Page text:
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A Step Towards Normal for Burundi’s Last Rebels

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A Step Towards Normal for Burundi’s Last Rebels

Posted by Enough Team on October 5, 2009

This post by Rebecca Feeley, a research consultant based in Goma, DRC and Enough’s former field analyst, originally appeared on the blog World Is Witness.

“Madame, they are very dangerous. They can be extremely violent, especially if they don’t like what you say,” warned Romain Ndagabwa without looking up from the papers swallowing his desk.  Ndagabwa, director of the demobilization center in Burundi’s second largest city, Gitega, was referring to the former combatants of the National Liberation Forces, or FNL, which were cycling through the center as part of the process of disarmament, demobilization, and reintegration, or DDR.  Ndagabwa wanted to participate in my discussions with the combatants, but was too busy. I had a feeling he was trying to scare me away from doing so altogether. “I’m sure I’ll be fine,” I assured him. “I’ve interviewed former combatants before. Plus, I won’t be talking that much. Hopefully they’ll do all of that.” Mr. Ndagabwa didn’t press further. He shook my hand and agreed to gather a few of the ex-combatants for me to interview. Then he looked at his watch and ran out the door.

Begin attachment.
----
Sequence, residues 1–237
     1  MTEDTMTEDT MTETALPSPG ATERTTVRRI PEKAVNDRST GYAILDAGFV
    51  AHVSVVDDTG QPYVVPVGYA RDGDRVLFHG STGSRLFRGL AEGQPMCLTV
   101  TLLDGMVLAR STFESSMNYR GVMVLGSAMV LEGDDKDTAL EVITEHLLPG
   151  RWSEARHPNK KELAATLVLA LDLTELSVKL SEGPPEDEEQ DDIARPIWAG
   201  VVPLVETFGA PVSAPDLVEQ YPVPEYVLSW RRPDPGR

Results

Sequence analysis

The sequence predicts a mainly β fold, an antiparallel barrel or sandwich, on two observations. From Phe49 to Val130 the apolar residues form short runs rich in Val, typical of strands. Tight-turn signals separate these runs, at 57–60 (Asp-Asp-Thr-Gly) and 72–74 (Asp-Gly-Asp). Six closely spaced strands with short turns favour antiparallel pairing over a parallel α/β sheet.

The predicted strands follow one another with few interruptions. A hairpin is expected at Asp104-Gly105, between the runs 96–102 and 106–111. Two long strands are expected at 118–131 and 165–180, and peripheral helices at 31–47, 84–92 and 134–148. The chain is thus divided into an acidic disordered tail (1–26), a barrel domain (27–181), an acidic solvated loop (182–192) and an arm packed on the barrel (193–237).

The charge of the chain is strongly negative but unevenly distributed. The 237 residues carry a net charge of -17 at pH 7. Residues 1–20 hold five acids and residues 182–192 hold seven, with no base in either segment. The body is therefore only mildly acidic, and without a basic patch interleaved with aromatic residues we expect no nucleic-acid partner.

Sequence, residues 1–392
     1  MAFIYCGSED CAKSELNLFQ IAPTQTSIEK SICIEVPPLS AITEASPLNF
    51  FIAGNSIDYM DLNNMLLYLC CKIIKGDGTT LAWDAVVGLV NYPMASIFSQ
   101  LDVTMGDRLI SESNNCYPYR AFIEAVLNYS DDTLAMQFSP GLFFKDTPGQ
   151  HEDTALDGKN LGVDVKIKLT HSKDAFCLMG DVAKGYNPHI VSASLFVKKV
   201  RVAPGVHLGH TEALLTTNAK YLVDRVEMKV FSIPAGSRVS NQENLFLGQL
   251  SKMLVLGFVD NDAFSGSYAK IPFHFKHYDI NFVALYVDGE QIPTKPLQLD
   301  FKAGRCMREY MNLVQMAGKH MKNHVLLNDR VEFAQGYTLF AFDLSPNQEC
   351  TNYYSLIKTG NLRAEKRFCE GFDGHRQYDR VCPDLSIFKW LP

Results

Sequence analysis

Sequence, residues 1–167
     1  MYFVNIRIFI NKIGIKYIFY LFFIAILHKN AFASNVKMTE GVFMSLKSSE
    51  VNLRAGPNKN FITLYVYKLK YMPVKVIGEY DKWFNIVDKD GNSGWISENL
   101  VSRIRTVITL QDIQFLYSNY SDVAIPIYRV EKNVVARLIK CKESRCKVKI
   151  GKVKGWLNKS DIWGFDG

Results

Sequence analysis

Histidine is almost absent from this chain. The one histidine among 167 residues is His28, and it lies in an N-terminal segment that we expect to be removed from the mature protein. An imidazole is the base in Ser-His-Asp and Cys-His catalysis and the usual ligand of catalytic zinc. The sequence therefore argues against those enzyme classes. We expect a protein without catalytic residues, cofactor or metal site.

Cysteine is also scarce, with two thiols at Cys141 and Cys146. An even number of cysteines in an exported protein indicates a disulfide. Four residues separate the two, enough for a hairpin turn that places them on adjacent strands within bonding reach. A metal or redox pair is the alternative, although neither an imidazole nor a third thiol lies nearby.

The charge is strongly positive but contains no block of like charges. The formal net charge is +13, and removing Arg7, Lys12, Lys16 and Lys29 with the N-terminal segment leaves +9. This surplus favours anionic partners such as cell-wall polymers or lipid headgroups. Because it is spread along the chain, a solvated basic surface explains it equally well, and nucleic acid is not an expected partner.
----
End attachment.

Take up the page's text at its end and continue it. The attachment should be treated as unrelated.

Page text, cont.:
The pro-Hutu FNL was the last rebel group operating in Burundi until, in April of this year, the government of Burundi agreed to recognize the FNL as a legitimate political party. The FNL, in turn, agreed to integrate some combatants into the security services and demobilize others.  For those being demobilized, the center in Gitega was the last stop before being released back into their communities. I was at the center to talk to the former rebels about their pasts and was also curious about their expectations for re-integration into civilian life.

That day the center housed roughly 700 ex-combatants who would stay there only a week.  It seemed nothing more than a holding pen where most just wandered aimlessly or floated between the administrative block and the sleeping quarters. A few stepped outside the compound to buy lollipops or cigarettes. Many of them were eager to talk to me when I sat down with a group of 40 or so combatants.

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